Can you imagine ANYONE in Trump’s White House pushing such a program. Now, everything is ME ME ME, how much can I get, how much can I get away with. Even Melania can’t summon up any energy to start something as simple as a Sister City Relationship with her hometown (Unless she’s really trying not to call attention to how she left it!)

She had plenty of time to start some kind of humanitarian thing with Eastern Europe, who knows? But no. She just didn’t care. Too busy re-negotiating her pre-nup to Dear Donald? (Does my pre-nup say I need to hold his hand in public? Then no, I do not need to hold his hand)

Self thinks the public’s perception of the law profession has forever been marred by association with Trump, the seediest President in American history. Think of the Trump lawsuits to block: a) revealing his taxes; b) suing to stop books like his niece’s from being published; or c) suing Democratic officials to make them look bad, such as the suit Gov. Brian Kemp brought against Atlanta Mayor Kesha Lance Bottoms to stop her from implementing her order to make wearing a mask mandatory in Atlanta.

Self is glad she’s reading a book about idealistic lawyers, for a change.

Stay safe, dear blog readers. Stay safe.

Lens-Artists Challenge # 110: Creativity in the Time of COVID

Self was inspired by this Photo Challenge (Creativity in the Time of COVID) to give a shout-out to the USPS.

She bought a sheet of first-class stamps commemorating the Harlem Renaissance. Aren’t they beautiful?

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She receives all her literary journals through the USPS. Here’s the latest delivery: the Win/Spr 2020 issue of Calyx Journal, one of the oldest women’s presses in the United States, founded by her friend, Dear Departed Margarita Donnelly (She put the whole thing, she told self, on a credit card):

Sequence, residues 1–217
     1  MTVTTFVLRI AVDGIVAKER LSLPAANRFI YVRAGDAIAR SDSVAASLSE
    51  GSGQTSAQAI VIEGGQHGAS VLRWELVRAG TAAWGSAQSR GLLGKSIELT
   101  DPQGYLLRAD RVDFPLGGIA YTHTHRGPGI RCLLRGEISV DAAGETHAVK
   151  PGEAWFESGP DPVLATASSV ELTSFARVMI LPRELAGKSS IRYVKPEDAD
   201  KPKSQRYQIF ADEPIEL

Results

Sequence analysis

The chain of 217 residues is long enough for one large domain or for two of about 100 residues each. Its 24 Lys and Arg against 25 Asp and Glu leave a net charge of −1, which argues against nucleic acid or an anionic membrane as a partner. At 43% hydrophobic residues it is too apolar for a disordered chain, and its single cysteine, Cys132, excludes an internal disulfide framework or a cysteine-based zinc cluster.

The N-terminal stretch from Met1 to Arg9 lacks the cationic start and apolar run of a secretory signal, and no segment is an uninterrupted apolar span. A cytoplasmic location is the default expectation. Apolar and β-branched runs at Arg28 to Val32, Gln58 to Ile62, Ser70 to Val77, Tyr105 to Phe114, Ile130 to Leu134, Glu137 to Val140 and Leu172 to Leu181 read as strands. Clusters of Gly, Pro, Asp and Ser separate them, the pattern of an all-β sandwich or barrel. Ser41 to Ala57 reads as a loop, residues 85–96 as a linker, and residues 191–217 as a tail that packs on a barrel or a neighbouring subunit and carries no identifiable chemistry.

Cover Art: Dale Champlin’s “Mother Nature.”

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Finally, Filoli Garden, in Woodside, is one of the area’s most beautiful gardens. The current art installation is by Kristine Mays. Here’s a picture self took on a visit to Filoli in July.

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Stay safe, dear blog readers. Stay safe.

 

 

Sentence of the Day: Doreen G. Fernandez

  • The drive from Dumaguete through Bais and Mabinay to Kabankalan, Negros Occidental is an excellent road, past hills and valleys, even a zig-zag portion, through fields and towns, and hardly a billboard.

Self has driven this route. Ten years ago.

Doreen G. Fernandez (self’s second mother) had made an appointment to visit Vicente Lobaton, kinilaw artist. Kinilaw is the Filipino version of sushi. And it’s rather a specialty in the Visayan Islands, in the central Philippines. The number one requirement is that the seafood be freshly caught. And in a country with over 7000 islands, there’s no excuse not to have seafood that is freshly caught. Kinilaw is served with a “dressing” called sawsawan. Want to know more? It’s all in Doreen’s book, Kinilaw (1991) She goes on to describe the meal, which involved kinilaw crab, fish, and shrimp. (SO hungry right now)

Doreen was from the self-same island that Dear Departed Dad was from. It has a very non-PC name: Negros. That’s right, the island is named Negros because its people were dark. It has been named that since the 16th century. It is divided into two provinces: Negros Occidental (where self’s Dear Departed Dad, and Doreen, were from) and Negros Oriental. Negros Oriental has this really cool city called Dumaguete, which became the title for one of self’s short stories (It’s in MsAligned 3, published earlier this year)